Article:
What Is Bone Meal Fertilizer Used For? A Complete Guide
When you want good strong roots, big blooms and fantastic fruit, applying a good high phosphorus fertilizer is going to get the job done. Of all the option available on the market today, none can hold a candle-to-bone meal. It’s an all-natural, sustainable source of both phosphorus and calcium, a choice that’s stood the test of time. It also happens to be one of my favorite low-nitrogen fertilizers I use when looking for bigger blooms.
What is bone meal Fertilizer used for?
What is bone meal made of?
It sounds pretty grim, but it’s actually a very thrifty and sustainable choice. Those bones don’t have many other uses, so returning them to the land, one handful at a time is a far more dignified choice than tossing the lot into landfill. It’s a good choice for the Earth and your garden.
What is the nutrient composition of bone meal?
Bone meal is fantastic stuff. It’s rich in phosphorus, and as far as calcium supplements for your garden it’s hard to beat.
The exact composition of any given bone meal product varies quite a bit depending on the brand. But in general, you can expect an NPK of around 3-15-0.
Around three percent of the mass is nitrogen, key to healthy leaves and stems. High in phosphorus, critical for photosynthesis, and is also needed in abundance for good blossoms and fruiting as well as root development.
NPK doesn’t tell us the whole story. It’s also rich in calcium, with a typical brand containing around 15% by weight. Given that calcium is critical for building strong cell walls and enzyme function, it’s also essential for good growth.
Which plants benefit from using bone meal?:
Tomatoes are a prime candidate for the judicious application of bone meal. They’re hungry customers, needing lots of phosphorus and calcium to produce flowers and their juicy red fruit in time
For bedded plants, a good tablespoon mixed into the soil just ahead of planting will prepare the ground for a bountiful harvest. When growing in containers less is needed, about a teaspoon or so depending on the size of the container and the strength of the product.
It’s no secret I love to grow peppers, and have found bone meal to be an excellent tool in my chest. These fiery wonders are heavy feeders with a powerful need for extra phosphorus over the growing season. They’re also susceptible to blossom end rot, a disease that can be remediated with a good dose of calcium.
Like tomatoes, mix a teaspoon into their bed before planting for best results, watering in well.
It’s basically traditional these days to dose a new planting of spring bulbs with bone meal. While the bulb has everything it needs within to produce a new plant, by the time it’s ready to flower it’ll want a bit of extra support.
Typically, a teaspoon or so per bulb added into the bottom of planting holes is ideal. Be sure to turn it through the soil well and water heavily. That will help it support those emerging roots, and be ready and waiting for flowering. I always make sure to add a few scoops of bone meal to my garlic bulbs before planting in the fall.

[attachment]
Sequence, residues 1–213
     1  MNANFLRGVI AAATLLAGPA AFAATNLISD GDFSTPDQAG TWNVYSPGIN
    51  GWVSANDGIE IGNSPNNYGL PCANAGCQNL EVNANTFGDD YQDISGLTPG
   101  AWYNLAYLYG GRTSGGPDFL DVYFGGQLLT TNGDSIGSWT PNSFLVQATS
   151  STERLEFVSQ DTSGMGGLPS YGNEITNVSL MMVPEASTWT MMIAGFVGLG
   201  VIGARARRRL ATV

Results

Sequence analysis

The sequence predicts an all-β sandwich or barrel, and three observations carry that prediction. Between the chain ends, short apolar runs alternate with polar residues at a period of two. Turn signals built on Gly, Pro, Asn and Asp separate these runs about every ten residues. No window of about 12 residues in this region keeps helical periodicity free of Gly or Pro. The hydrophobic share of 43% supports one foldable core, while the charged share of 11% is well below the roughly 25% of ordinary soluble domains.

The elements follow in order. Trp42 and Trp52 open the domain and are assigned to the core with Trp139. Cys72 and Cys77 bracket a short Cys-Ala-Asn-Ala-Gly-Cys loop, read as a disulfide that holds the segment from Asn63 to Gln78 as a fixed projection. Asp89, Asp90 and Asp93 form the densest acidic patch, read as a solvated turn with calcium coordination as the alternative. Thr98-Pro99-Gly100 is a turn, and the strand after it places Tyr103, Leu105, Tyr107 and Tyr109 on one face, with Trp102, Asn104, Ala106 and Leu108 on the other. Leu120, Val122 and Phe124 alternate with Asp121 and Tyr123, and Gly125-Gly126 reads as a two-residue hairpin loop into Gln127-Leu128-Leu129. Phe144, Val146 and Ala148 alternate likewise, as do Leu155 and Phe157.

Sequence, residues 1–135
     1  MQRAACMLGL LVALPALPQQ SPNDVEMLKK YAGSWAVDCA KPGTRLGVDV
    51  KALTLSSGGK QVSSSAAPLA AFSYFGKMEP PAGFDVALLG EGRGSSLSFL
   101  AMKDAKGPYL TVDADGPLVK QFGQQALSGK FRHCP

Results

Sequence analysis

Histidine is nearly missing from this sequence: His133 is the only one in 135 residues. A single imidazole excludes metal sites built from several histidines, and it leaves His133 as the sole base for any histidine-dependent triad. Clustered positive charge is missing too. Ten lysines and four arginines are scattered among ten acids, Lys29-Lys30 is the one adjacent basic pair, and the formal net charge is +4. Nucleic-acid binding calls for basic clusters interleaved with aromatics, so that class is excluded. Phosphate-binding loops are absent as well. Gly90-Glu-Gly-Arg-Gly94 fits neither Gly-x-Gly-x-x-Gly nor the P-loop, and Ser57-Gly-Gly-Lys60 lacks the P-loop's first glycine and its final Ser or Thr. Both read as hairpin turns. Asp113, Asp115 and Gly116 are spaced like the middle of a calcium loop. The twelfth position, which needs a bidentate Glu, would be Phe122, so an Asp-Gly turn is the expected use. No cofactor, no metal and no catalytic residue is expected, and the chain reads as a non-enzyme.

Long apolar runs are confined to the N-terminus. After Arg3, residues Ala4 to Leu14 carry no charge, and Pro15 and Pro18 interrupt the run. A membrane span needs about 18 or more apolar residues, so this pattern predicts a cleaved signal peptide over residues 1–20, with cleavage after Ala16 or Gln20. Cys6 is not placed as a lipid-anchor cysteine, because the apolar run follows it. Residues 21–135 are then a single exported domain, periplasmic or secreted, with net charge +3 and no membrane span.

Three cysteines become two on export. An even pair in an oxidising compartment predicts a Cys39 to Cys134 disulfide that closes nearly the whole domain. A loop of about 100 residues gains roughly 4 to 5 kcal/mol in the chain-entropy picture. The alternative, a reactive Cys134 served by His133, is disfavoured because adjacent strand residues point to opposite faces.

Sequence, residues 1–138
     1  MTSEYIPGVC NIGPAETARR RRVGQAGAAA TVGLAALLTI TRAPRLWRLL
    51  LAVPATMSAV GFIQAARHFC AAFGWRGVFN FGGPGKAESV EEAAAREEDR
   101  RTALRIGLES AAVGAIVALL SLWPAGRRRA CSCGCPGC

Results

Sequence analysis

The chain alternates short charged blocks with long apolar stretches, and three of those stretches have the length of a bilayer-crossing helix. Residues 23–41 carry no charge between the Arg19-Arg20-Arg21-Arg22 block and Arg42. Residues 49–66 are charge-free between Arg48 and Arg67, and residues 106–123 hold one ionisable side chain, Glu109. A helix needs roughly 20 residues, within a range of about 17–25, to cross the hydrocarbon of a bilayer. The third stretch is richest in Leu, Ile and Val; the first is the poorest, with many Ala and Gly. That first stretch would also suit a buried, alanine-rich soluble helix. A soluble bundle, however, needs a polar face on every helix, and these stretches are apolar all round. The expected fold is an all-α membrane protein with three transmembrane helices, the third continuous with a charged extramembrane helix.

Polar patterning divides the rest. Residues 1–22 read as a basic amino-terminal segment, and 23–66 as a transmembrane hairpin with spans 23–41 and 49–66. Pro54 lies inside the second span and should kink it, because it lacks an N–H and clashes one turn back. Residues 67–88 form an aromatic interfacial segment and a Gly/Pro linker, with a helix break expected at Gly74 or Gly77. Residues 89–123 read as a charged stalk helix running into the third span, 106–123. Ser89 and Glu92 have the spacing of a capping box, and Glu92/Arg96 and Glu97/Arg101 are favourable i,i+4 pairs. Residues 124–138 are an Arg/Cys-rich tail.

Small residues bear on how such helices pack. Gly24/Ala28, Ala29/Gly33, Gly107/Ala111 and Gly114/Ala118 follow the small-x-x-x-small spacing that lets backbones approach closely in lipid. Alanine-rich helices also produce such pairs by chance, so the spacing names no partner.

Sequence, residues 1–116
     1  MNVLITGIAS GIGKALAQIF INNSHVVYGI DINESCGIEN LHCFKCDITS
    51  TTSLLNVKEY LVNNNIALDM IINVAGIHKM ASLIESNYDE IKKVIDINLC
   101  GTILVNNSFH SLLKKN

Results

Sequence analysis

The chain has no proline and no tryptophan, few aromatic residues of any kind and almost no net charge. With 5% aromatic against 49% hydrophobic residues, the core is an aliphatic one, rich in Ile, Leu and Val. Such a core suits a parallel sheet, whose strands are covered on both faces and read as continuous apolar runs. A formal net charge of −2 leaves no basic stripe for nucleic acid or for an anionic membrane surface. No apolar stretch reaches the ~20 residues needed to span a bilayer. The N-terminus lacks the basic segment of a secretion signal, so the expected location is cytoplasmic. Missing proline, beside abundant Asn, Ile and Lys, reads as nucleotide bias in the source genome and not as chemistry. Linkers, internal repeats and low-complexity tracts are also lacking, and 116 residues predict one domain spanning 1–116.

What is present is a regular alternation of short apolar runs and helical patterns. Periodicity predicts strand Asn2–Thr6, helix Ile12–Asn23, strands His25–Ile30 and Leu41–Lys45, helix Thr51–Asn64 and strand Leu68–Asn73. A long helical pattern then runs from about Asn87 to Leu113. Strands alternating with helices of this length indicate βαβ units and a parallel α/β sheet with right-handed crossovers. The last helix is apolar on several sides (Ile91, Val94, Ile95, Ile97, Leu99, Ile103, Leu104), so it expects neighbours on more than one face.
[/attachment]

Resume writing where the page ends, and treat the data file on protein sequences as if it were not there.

The drawbacks of using bone meal
Bone meal is a high phosphorus fertilizer, and not all soils need that extra dose. Phosphorus and calcium are both immobile – it means they tend to stay put. If you fertilize regularly with a more balanced fertilizer, you may find you can skip applying bone meal altogether and put that time and money to better use.
It really pays to have your garden soil tested before applying rich fertilizers. Most county extension services offer low-cost soil testing and can provide you with a detailed report of your soil’s contents that can help guide your gardening. You can find your closest extension office here.
You can also perform home tests that are as easy as dipping a stick in a jar. They’re readily available on Amazon or at your local garden supply store.
For leafy green vegetables
While leafy greens like lettuce, spinach, and kale also need phosphorus and calcium, they need nitrogen far more. Bone meal’s low 3% nitrogen by weight just isn’t enough to keep those delicious crops coming.
You really need a high nitrogen fertilizer for these crops to make the most of them or at the very least something with a more appropriate ratio. A 16-4-8 fertilizer is a good choice. It’ll provide a solid supply of nitrogen while still providing a more appropriate dose of phosphorus.
When trying to keep pests away
The delectable scent of buried bone attracting dogs is the stuff of cartoon legend, but it contains a germ of truth. The scent of animal waste scattered across your garden bed may well prove irresistible to wild animals, drawing them to your garden. Once in the location of this tantalizing scent, they’ll dig away in search of a meal.
If you have raccoons, coyotes, and other critters in your area that love to scavenge up a meal, it’s better to skip slaughterhouse fertilizers like bone meals. Stick to less appealing sources of phosphorus, like synthetic phosphates, manures, or even bat guano. For calcium, a calmag solution will get the job done with far less risk.